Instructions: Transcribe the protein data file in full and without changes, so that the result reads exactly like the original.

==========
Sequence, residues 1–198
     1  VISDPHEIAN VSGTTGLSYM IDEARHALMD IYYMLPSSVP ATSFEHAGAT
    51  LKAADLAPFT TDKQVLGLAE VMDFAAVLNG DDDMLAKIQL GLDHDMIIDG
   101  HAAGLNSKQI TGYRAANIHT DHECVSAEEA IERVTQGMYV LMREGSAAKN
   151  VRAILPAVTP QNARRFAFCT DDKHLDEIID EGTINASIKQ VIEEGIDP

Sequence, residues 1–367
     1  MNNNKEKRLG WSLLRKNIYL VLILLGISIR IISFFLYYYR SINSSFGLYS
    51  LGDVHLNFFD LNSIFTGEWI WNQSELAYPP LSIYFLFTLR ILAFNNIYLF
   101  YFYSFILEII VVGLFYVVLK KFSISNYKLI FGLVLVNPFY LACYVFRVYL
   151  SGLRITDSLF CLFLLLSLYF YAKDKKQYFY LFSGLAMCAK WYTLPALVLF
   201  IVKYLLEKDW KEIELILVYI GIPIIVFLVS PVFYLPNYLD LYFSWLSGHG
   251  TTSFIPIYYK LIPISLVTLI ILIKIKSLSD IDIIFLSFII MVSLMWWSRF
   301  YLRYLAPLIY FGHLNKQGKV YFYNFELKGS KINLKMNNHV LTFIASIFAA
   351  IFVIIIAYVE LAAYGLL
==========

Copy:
Sequence, residues 1–198
     1  VISDPHEIAN VSGTTGLSYM IDEARHALMD IYYMLPSSVP ATSFEHAGAT
    51  LKAADLAPFT TDKQVLGLAE VMDFAAVLNG DDDMLAKIQL GLDHDMIIDG
   101  HAAGLNSKQI TGYRAANIHT DHECVSAEEA IERVTQGMYV LMREGSAAKN
   151  VRAILPAVTP QNARRFAFCT DDKHLDEIID EGTINASIKQ VIEEGIDP

Sequence, residues 1–367
     1  MNNNKEKRLG WSLLRKNIYL VLILLGISIR IISFFLYYYR SINSSFGLYS
    51  LGDVHLNFFD LNSIFTGEWI WNQSELAYPP LSIYFLFTLR ILAFNNIYLF
   101  YFYSFILEII VVGLFYVVLK KFSISNYKLI FGLVLVNPFY LACYVFRVYL
   151  SGLRITDSLF CLFLLLSLYF YAKDKKQYFY LFSGLAMCAK WYTLPALVLF
   201  IVKYLLEKDW KEIELILVYI GIPIIVFLVS PVFYLPNYLD LYFSWLSGHG
   251  TTSFIPIYYK LIPISLVTLI ILIKIKSLSD IDIIFLSFII MVSLMWWSRF
   301  YLRYLAPLIY FGHLNKQGKV YFYNFELKGS KINLKMNNHV LTFIASIFAA
   351  IFVIIIAYVE LAAYGLL